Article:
Charlie has left his primary school. As he’s the youngest of three boys to have gone there, this marks a watershed moment not only in his life, but also in that of the family. I had been in the Alto Adige in northern Italy when his school play took place.

Although I came hurrying home from the First World War battlefields I’d been visiting, I only caught the end of the concert: samba drumming con fuoco, which certainly woke me up after the flight. Alas, Charlie had already performed. I did, however, help put up the balloons for the disco and was present for the leavers’ service in the church. Tears all round.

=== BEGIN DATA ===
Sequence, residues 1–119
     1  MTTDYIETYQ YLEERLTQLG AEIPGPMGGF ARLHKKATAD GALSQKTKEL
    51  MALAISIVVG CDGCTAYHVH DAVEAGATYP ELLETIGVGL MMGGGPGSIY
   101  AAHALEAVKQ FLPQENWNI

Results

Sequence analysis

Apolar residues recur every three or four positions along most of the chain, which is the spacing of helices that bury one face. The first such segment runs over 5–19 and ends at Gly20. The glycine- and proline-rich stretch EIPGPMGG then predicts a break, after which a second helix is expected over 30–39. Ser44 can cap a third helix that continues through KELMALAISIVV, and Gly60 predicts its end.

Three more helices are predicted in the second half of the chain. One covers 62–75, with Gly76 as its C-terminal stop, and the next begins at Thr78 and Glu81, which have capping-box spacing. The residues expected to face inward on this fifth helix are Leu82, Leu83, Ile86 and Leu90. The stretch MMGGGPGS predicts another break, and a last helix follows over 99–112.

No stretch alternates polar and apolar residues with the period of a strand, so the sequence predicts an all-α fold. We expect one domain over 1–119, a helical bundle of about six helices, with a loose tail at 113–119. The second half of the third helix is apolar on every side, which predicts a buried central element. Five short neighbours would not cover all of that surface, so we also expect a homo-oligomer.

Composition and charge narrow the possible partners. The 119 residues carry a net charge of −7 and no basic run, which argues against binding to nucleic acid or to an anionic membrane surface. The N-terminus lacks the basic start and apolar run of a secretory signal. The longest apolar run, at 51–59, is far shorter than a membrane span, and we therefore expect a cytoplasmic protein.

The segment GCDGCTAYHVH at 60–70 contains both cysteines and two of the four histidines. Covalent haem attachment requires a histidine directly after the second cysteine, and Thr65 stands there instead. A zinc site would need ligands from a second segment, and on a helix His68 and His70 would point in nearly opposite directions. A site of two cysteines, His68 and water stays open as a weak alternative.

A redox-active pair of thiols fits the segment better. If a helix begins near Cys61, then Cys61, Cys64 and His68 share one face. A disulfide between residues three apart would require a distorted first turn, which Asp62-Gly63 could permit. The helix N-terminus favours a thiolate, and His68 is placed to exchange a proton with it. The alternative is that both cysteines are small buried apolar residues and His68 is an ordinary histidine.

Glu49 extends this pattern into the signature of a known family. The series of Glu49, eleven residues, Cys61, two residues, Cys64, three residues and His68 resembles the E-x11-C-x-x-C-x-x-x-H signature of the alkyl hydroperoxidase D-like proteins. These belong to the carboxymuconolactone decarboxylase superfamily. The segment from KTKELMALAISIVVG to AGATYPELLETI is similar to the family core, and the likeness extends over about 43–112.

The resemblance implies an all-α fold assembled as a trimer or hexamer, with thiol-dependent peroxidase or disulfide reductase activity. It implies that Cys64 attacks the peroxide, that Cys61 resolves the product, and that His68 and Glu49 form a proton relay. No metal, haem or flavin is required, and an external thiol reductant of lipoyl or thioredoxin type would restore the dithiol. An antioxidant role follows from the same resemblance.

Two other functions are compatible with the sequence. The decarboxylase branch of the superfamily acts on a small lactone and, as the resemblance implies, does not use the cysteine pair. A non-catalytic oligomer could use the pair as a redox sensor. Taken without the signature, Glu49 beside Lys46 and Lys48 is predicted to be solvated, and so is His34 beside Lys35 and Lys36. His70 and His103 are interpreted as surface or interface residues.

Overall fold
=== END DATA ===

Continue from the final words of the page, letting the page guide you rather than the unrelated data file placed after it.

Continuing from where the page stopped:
We’re now in Spain, in Trujillo, Extremadura, which is about as far from central London and (please, don’t think us unpatriotic) the Olympics as you could imagine. In the town of the Conquistadores, the temperature in the square, at 8.30pm last night, measured 41˚C.

Over dinner, we watched storks returning to nests seemingly modelled on Boris Johnson’s haircut, above palaces built with silver brought back from Peru. Distractions are necessary. It won’t just be Charlie who finds next term a departure. The school run-literally a run sometimes, if undertaken on foot-may have seemed something of a chore at the time, but we’ll miss it now it’s gone.

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